Investing in Healthcare in 2020 with Niko Skievaski and Nikita Singareddy
Village Global's Venture Stories
Niko Skievaski (@niko_ski), founder and president of Redox, and Nikita Singareddy (@singareddynm), investor at RRE Ventures, join Erik to discuss:- How regulation has changed the landscape in healthcare.- How to figure out what the the next wave in healthcare will be.- Why in the past government regulation has pulled technology into the present that wasn’t ready.- The biggest trends in healthcare now.- Where they would be investing if they were running a fund focused on the space.- What it takes to be successful in healthcare.- The state of the EHR space.Thanks for listening — if you like what you hear, please review us on your favorite podcast platform. Check us out on the web at villageglobal.vc or get in touch with us on Twitter @villageglobal.
Putting Data to Work for the 21st Century with Niko Skievaski
This Week Health: Conference
July 10, 2020: Today we are talking “fancy backend stuff”. Our guest Niko Skievaski, President and Co-founder of Redox shares why their open source platform is currently one of the weight lifting champion’s in healthcare IT. How have they accelerated the development and distribution of digital health solutions? What does this mean for developers? And if the key ingredient in healthcare tech right now is frictionless adoption, how do we achieve it? Plus our host Bill gives invaluable advice to startups. Key Points From This Episode:Find out what really accelerated Redox’s growth [00:05:50]It’s not an innovation problem, it’s an adoption and integration problem [00:08:45]The huge challenges for healthcare startups, why haven’t many platforms scaled up? [00:10:45] Niko talks health economics [00:14:00]If you really want to make it as a health tech startup, Bill has invaluable advice [00:13:05] How Redox were able to grow a lot faster and win more market [00:17:20]How healthcare is changing at lightning speed [00:21:05]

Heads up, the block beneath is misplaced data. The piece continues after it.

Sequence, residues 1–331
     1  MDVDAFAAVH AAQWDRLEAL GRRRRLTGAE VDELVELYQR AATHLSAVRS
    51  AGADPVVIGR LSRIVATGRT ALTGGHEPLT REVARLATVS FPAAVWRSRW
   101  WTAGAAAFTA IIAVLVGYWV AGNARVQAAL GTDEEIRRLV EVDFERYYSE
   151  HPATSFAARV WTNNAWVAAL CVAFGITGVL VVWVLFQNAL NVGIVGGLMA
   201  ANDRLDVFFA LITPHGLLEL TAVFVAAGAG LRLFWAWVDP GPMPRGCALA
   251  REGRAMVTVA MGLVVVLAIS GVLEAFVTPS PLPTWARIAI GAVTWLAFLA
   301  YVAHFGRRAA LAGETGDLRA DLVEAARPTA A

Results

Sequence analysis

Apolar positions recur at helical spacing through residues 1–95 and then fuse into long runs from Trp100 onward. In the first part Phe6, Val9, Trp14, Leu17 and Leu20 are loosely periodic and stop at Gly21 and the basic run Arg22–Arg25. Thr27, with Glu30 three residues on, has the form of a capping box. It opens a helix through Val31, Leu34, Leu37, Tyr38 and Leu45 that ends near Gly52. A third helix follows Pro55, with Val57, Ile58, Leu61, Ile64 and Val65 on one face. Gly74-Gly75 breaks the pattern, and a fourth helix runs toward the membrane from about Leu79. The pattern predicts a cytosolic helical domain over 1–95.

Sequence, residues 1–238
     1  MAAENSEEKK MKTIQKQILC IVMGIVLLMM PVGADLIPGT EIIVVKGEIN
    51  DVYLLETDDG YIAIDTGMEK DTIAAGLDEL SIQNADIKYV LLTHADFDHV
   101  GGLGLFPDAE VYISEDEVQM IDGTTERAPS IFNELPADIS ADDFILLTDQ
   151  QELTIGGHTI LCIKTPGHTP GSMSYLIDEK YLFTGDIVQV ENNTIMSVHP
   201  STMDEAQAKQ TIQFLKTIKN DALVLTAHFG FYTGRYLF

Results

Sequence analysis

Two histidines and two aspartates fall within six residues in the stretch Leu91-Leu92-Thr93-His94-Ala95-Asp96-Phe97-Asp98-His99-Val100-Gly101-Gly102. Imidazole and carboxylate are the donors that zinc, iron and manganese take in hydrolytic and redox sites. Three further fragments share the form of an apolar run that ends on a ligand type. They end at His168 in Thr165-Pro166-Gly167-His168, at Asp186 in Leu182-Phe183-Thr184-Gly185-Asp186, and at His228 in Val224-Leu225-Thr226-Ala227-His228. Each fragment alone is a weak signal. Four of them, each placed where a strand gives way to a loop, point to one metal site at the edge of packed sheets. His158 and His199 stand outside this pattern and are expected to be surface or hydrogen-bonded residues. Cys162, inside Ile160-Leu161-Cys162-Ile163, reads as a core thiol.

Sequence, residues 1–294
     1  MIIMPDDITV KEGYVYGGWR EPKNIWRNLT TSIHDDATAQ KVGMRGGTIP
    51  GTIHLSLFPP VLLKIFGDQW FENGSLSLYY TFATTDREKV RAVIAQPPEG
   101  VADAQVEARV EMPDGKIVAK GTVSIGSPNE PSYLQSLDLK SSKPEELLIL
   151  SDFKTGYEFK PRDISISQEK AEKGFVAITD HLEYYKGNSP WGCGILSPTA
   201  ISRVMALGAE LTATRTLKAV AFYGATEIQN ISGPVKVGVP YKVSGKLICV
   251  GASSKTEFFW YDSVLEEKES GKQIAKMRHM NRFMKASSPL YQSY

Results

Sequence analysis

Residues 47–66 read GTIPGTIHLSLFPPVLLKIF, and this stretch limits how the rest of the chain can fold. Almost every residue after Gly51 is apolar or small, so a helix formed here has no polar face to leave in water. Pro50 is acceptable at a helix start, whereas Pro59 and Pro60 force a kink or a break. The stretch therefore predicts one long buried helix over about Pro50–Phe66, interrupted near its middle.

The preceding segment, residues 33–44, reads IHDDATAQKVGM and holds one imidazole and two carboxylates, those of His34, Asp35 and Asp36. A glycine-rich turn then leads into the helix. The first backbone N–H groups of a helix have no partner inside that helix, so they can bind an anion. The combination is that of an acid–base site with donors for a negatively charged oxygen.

Scaling the Moots of Healthcare with Niko Skievaski from Redox
Electronic Medical Records (EMR) are like operating systems. They do everything, but nothing well. Like windows, hospitals need applications on top of EMRs to get real value. However, the EMR data is hard to get to. Enter Redox, a way to get data into applications. The company now has an "app store" of sorts with over 700 partners including hospitals and applications. Post Covid, Redox saw volumes down by 50%, but also an asks for novel applications for care delivery. In some sense Redox sits in a unique place reflecting the health of hospitals but also where we are headed.